Present: Anne Orange (chair), Michael Grimwood (note taker), Grahame Fearon-Wilson, James Slattery-Kavanagh, Bill Watling, Gerry Slaughter, Daphne Slaughter, Simon Berlyn, Cllr John Whelan, Cllr Tony Grayling, Jane Pickard, Joe Ward, John MacDonald, Geraldine Evans, Richard Moore, Helen O'Brien, Rod Brown.
Apologies: Gabrielle Garton Grimwood.
1. Minutes of last meeting and matters arising
1.1. Anne Orange apologised for not providing proposals about the gardens competition for circulation with the minutes, but she had not known of the undertaking given by the Chair (item 3). Cllr Tony Grayling explained that there had been an error in the report he had provided which had been circulated with the minutes. The money available was £12,000 not £312,000. Grahame Fearon-Wilson observed that the car park was now open.
2. Report from Councillor Whelan
2.1. Councillor Whelan expressed his appreciation of NAG's work. He mentioned Council proposals for introducing a new one-way traffic flow involving Chestnut Road. At a public meeting the previous week a council officer had explained that traffic on Norwood Road would be able to turn into Chatsworth Road but not into Chestnut Road. This was designed to help bus traffic, but would force supermarket deliveries for Kwik-Save round residential roads and would affect the business of Barclays Bank and the fruit stall. The implications for traffic flow from Lansdowne Hill did not seem to have been considered. The Council had put forward only this one option, but would now consult about alternatives, though not until mid-May. There would be an exhibition of plans in West Norwood library. Councillor Whelan suggested NAG should discuss the issue at its next meeting and consider making representations about the proposals. Michael Bridgeland, Lambeth's head of transport might be invited. Anne Orange agreed to invite him and suggested NAG should try to inform residents of the affected roads about the NAG meeting.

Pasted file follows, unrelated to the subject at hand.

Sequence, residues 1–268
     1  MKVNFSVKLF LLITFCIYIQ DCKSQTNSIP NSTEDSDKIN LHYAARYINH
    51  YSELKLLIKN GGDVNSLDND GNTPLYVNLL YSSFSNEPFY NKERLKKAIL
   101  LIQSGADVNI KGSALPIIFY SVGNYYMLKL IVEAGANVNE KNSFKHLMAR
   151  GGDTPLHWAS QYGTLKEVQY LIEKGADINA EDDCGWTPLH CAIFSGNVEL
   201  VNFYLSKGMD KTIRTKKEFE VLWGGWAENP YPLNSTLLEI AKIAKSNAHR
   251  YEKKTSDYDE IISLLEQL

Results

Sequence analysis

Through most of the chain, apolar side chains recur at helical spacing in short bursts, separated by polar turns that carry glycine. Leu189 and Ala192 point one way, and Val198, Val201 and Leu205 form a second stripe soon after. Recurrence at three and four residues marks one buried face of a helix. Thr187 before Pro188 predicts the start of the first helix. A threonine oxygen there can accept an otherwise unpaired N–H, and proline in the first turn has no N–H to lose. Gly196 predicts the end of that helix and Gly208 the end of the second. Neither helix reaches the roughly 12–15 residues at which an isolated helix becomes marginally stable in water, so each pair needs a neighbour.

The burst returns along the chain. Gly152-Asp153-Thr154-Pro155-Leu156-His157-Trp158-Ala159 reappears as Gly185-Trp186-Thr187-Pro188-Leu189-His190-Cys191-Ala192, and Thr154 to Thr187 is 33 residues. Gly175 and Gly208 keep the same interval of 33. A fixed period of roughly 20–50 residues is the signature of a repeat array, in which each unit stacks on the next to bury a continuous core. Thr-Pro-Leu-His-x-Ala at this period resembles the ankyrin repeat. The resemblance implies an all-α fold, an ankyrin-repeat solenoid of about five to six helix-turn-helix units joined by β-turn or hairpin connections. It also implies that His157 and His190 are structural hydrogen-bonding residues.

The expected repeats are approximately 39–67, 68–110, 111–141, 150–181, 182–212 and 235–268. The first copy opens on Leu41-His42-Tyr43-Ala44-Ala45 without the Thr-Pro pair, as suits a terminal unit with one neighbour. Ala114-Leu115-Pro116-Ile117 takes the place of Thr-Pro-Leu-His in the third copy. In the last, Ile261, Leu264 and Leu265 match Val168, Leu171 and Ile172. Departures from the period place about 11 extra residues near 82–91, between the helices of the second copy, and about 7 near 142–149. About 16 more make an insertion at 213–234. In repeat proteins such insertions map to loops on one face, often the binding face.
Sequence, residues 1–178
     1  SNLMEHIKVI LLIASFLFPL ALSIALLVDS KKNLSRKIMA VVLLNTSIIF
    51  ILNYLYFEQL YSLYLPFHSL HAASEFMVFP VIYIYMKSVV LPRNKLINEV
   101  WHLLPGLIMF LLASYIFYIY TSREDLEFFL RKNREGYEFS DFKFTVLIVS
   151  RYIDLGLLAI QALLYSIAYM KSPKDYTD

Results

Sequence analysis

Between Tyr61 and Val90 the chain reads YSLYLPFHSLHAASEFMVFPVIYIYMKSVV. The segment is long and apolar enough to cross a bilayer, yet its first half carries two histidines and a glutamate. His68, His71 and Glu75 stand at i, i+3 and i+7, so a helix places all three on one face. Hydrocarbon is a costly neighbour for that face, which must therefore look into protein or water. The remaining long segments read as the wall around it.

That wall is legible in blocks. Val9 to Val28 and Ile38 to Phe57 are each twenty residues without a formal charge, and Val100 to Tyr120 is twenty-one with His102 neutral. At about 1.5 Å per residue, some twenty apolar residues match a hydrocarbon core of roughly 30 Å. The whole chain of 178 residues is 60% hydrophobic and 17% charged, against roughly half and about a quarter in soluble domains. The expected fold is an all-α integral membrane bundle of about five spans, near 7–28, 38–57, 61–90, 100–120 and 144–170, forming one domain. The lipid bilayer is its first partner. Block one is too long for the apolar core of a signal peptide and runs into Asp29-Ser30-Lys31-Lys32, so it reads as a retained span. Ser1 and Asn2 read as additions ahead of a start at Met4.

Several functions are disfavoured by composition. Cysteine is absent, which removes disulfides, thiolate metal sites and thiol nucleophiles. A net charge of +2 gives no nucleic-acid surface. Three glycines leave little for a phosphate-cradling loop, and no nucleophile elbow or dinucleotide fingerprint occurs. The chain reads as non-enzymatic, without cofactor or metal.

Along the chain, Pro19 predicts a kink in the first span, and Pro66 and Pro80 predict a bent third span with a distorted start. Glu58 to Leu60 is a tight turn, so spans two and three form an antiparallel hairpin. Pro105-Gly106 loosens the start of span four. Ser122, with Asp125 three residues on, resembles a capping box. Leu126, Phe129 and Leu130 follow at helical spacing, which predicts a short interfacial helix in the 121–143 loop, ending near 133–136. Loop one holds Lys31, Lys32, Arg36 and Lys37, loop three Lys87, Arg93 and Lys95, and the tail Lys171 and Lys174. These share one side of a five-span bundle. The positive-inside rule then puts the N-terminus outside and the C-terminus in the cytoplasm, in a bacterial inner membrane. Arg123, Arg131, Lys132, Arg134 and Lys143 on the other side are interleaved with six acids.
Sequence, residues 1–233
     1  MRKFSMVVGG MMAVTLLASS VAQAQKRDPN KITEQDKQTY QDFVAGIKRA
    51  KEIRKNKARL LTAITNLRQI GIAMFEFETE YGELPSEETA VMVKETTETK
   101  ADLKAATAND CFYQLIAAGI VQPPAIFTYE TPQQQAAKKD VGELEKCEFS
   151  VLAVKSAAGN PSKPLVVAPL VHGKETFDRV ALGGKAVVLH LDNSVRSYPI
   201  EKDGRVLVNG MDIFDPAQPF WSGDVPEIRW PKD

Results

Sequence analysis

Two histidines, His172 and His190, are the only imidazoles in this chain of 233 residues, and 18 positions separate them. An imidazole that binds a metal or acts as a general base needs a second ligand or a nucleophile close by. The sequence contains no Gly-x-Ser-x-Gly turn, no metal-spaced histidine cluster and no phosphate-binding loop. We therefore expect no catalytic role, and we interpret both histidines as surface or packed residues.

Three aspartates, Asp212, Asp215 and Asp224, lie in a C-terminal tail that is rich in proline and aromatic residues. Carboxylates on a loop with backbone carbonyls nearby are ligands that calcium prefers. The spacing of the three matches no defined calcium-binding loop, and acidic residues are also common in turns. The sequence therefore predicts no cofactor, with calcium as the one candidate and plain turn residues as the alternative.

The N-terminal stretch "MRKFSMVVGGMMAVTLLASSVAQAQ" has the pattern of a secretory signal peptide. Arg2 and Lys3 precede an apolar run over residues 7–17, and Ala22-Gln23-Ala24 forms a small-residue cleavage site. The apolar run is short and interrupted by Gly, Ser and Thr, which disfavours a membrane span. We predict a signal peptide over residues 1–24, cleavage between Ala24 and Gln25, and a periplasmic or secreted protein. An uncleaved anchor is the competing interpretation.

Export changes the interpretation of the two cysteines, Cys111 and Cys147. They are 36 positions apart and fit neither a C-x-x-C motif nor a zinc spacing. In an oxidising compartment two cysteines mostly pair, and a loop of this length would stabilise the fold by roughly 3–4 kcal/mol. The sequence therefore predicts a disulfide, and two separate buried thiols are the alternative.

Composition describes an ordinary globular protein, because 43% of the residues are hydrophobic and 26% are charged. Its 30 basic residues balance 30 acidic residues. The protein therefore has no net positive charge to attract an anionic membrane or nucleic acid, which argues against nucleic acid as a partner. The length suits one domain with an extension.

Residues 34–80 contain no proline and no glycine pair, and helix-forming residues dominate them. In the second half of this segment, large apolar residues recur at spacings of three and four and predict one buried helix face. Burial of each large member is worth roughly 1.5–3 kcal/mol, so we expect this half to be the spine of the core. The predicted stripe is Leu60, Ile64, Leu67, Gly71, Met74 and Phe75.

2.2. Jane Pickard said that she had heard of a proposal to install speed-humps in St Julian's Farm Road, but she was not aware of any consultation about this. Simon Berlyn mentioned that many months previously NAG had been told the speed-humps in Robson Road would be modified, but it hadn't happened. Councillor Whelan said that Council officers had confirmed this would happen this financial year as well as traffic calming for Chancellor Grove.